3. Essentially, then, Christ was sent as the second Person, to become a man among men, in order that He might bring to mankind the knowledge of the Father which He, as the Son, had from eternity; and which He, as man, beheld in the vision which He possessed from the moment of His incarnation.

  4. What does mission add to vision? It gives the vision its purpose or finality. Christ had experience of the Father in order that He might communicate something of the mysteries He possessed to a world that was living in darkness and the shadow of death.

Christ’s Witness

  1. The biblical word for witness is “martyr”, and we all know what martyrdom means.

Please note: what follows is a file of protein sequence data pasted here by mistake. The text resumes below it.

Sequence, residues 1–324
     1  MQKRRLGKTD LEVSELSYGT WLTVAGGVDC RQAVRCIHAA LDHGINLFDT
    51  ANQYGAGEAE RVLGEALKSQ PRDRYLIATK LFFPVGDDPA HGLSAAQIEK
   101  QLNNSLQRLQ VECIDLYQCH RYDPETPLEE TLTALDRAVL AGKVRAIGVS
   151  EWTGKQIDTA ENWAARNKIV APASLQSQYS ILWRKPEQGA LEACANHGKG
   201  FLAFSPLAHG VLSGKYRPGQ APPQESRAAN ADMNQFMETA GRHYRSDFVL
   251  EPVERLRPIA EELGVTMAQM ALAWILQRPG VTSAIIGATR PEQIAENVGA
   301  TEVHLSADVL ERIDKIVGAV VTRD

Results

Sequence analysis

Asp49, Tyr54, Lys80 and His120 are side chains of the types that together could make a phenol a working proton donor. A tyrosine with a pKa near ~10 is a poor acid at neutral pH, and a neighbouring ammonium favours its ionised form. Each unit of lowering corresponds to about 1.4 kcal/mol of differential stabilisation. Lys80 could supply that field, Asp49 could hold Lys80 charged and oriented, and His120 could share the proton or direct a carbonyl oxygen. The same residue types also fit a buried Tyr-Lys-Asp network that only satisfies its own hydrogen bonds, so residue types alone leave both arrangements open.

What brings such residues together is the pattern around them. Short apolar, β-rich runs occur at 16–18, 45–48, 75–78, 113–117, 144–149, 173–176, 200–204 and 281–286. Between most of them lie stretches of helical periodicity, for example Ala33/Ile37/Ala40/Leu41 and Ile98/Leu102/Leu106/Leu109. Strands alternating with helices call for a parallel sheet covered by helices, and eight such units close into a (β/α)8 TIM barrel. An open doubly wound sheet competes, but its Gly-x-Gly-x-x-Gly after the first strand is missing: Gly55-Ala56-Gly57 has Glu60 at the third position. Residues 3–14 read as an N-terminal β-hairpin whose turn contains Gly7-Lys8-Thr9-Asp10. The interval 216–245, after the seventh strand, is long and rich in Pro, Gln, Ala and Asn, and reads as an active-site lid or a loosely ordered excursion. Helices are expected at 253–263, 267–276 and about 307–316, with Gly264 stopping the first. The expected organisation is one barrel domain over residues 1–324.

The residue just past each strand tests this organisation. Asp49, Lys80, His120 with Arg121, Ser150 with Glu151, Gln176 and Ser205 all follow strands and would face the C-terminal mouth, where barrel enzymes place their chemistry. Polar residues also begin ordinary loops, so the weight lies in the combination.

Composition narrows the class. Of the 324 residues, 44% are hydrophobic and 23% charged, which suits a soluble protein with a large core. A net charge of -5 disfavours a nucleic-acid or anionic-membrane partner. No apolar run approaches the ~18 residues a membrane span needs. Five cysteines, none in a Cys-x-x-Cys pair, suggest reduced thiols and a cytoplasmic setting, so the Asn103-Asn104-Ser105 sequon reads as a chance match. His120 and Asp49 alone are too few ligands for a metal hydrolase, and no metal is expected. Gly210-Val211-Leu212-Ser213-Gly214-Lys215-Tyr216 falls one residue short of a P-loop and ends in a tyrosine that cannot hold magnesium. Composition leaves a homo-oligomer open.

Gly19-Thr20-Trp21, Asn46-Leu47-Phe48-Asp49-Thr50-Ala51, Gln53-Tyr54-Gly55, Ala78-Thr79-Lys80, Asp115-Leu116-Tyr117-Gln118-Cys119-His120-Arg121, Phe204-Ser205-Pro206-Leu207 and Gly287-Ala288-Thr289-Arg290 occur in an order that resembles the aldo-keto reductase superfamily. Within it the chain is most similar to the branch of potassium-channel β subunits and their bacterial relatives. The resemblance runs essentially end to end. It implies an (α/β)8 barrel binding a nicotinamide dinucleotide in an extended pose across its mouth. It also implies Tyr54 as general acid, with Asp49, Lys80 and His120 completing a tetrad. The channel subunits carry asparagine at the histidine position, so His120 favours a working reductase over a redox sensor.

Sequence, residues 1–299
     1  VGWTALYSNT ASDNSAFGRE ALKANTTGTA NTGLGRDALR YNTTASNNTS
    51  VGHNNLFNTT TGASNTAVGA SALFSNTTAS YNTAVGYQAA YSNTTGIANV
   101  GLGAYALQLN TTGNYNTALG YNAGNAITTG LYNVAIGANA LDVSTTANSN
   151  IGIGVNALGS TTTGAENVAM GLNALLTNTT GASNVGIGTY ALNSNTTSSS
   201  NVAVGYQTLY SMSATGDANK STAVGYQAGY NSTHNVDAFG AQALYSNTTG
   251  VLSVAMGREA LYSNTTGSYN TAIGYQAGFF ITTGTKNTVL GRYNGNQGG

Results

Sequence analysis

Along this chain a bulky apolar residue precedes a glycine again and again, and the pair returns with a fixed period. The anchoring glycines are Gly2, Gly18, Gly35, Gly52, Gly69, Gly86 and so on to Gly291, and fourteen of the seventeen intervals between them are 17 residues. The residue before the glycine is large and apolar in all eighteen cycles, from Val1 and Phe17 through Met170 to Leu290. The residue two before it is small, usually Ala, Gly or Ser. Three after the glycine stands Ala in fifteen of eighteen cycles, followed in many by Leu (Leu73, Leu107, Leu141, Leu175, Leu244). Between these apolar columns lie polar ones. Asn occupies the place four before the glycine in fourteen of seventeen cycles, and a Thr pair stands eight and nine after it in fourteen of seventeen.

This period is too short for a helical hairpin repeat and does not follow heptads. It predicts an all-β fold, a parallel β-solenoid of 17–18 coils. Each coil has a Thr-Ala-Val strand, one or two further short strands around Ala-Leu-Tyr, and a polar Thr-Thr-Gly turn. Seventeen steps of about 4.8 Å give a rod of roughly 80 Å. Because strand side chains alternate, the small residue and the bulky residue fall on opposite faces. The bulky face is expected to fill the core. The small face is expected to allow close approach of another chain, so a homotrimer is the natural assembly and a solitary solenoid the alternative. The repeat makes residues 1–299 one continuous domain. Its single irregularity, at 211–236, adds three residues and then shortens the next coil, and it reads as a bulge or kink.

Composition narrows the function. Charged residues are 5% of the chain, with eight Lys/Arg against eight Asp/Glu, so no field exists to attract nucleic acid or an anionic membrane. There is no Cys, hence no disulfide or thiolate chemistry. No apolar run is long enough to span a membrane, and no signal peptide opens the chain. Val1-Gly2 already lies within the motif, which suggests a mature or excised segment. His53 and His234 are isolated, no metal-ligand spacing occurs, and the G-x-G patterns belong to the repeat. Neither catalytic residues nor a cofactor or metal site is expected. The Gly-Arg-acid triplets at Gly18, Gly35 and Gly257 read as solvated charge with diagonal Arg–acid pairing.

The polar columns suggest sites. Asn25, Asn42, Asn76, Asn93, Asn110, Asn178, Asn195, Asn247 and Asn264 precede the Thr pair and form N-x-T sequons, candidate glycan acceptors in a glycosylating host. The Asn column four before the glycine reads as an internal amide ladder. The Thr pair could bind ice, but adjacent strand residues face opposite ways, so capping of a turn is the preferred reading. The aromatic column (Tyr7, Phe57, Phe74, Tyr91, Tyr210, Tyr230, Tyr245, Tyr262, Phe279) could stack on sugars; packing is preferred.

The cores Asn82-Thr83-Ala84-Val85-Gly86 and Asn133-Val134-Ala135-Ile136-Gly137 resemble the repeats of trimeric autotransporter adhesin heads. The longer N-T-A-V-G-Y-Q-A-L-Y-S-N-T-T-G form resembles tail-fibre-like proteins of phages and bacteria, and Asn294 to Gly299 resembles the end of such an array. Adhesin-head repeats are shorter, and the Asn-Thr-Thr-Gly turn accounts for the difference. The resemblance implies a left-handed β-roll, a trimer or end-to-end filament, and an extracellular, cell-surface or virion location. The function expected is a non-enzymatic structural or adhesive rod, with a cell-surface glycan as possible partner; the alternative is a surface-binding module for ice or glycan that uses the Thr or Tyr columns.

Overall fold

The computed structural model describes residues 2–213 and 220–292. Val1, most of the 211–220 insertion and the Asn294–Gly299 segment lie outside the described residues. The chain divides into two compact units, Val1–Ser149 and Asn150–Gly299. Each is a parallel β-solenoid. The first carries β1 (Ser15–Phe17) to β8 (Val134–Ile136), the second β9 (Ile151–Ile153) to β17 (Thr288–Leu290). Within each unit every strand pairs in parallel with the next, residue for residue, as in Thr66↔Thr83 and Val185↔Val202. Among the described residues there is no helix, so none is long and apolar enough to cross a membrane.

2. It meant in Christ’s case that He paid the price of His mission by dying for His vision at the hands of the very people whom He came into the world to save.

  3. What, then, does witness add to mission? It adds the crown of martyrdom that Christ endured because He was faithful to the mission, i.e., the apostolate, committed to Him by the Father.

B. Against this background, we turn to the religious life and ask what it means for those who purportedly are following Christ the whole way

  1. In the counsels and

  2. In the apostolate.

The Vision of Religious

  1. Comparable to the vision which Christ possessed in virtue of the hypostatic union is the vision of faith that religious must have, if they are to be apostolic. And their apostolate is conditioned mainly by the clarity and depth of this vision.

  2. This is the place to mention the need for constant, easy communion with God in prayer, if this vision of faith is to be sustained.